JustAPerspective t1_jeg3k7p wrote

>This discussion is about Disney cheating subsistence farmers out of their homesteads. Try to keep up.

We mentioned rich white dudes who form corporations - your effort to focus a discussion on something irrelevant to the topic appears willful, so it's simple to read the thread & see how full of shit you are. U.S.A., you are.


JustAPerspective t1_j9zepko wrote

>I mean, aren't gas giants just "failed" stars that never got big enough?

No one knows.

See, the article talks about how previous theories are no longer necessarily applicable - which means everything we've been assuming about this stuff now gets rechecked, because right there in front of us is proof that what we believed before... ain't so.

It disrupts the presumed accuracy of every model that has relied on the previous interpretation. All speculation that relied on the previous theories for validity is now suspect, and how much of a rewrite will need to happen is yet to be determined.

Which is a constant in all facets of science, just btw. Every discovery, from the coronal loop optical illusion theory to the actual diameter of Terra's atmosphere, to the true electromagnetic strength of Sol, even the existence of tectonic plates... are updates to what humans believed was completely true.

"Imagine what you'll 'know' tomorrow." - K, MIB

Some minds refuse to accept new data if it contradicts what they believed before. Other minds are eager to accept and integrate new concepts. Reckon we're all finding the happy balance between both guidances?

Unsolicited Advice: Don't worry about the emotional stability of internet randos - if they're adults, they know it's their job to regulate their own feelings. If they're children, they'll blame you whenever they're unhappy anyway.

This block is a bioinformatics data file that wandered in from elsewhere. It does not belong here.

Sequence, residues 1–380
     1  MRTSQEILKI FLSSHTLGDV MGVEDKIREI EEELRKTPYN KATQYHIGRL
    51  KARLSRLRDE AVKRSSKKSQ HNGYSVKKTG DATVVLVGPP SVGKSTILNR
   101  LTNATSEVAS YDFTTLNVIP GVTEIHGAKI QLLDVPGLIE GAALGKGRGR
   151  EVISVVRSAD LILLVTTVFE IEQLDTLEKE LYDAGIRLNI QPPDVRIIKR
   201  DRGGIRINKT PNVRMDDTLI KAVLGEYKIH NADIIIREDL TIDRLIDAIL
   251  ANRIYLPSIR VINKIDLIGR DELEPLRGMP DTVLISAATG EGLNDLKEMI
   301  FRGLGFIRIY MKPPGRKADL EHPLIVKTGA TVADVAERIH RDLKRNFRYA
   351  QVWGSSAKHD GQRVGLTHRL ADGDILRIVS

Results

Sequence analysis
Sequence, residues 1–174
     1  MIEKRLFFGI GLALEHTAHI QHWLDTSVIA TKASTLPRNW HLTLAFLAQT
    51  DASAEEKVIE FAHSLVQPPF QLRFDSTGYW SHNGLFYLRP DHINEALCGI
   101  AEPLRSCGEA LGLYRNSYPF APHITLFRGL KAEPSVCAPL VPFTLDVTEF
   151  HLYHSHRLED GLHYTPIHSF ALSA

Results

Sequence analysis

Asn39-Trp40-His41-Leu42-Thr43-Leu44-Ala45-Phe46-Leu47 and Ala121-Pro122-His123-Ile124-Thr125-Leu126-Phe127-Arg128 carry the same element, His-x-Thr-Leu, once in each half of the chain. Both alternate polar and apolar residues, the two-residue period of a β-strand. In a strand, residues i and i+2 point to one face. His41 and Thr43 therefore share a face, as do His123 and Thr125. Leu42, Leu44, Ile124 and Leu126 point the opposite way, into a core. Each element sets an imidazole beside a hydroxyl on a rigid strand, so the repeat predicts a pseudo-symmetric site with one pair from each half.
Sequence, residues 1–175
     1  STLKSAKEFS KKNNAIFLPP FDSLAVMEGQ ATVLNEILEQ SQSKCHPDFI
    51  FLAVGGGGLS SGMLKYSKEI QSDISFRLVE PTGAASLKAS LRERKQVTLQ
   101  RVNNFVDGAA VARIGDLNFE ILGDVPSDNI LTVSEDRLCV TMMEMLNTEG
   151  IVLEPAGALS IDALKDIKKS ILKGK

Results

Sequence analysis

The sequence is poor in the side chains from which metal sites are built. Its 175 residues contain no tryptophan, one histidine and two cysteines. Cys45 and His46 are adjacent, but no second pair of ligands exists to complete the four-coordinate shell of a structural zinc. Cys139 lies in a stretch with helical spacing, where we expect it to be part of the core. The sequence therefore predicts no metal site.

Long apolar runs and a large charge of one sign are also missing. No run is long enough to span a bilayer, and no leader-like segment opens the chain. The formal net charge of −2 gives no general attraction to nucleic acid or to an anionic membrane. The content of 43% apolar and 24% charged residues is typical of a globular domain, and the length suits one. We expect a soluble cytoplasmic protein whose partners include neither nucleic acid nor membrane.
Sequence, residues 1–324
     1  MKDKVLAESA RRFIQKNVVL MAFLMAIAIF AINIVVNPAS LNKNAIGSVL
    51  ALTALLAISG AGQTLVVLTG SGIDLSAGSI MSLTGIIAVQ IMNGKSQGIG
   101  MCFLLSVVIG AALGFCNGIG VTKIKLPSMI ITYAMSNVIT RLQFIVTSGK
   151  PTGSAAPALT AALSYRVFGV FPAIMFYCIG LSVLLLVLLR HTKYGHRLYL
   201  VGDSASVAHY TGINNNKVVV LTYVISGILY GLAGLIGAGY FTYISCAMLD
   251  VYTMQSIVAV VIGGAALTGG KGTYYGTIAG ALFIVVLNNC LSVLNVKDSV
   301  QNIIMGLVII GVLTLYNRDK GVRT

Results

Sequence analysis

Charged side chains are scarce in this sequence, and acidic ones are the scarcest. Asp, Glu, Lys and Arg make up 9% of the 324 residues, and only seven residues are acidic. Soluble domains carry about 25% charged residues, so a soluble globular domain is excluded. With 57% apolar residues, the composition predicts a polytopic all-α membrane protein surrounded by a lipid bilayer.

Your zen should be far more precious than internet rando opinions. 🖖


JustAPerspective t1_j9zbcnj wrote


The idea that human theories of the universe have any inherent credibility is patently absurd - like an infant in the womb asserting how things work on other continents, based solely on their limited experiences under vastly different circumstances.

Everything humans "know" is a guess that might be wrong.

Every mistake we discover is an opportunity to celebrate how many more options there truly are in the universe.


JustAPerspective t1_j6paw7w wrote

>I don't think we are any more than the electric and chemical signals in our brains, simply because there isn't anything else that we can point at yet.


The limitation of the practice is that it presumes anything humans haven't discovered yet isn't relevant... while simultaneously refusing to allow for what people haven't learned.

Yet science is merely observation of what is - any incomplete observation will be suspect in its conclusions due to the variables not yet grasped.

That the atoms comprising your system shift by 98% annually indicates that - at some level - what makes up "you" is not physical.

Which leaves a lot of room for learning.


JustAPerspective t1_j64obtr wrote

It's easy to be confident when there's limited information available.

While what you're saying is highly probable based on our current understanding, these two phenomena may be related - it is not absolute. Assumption precludes, and oft forgets, discovery.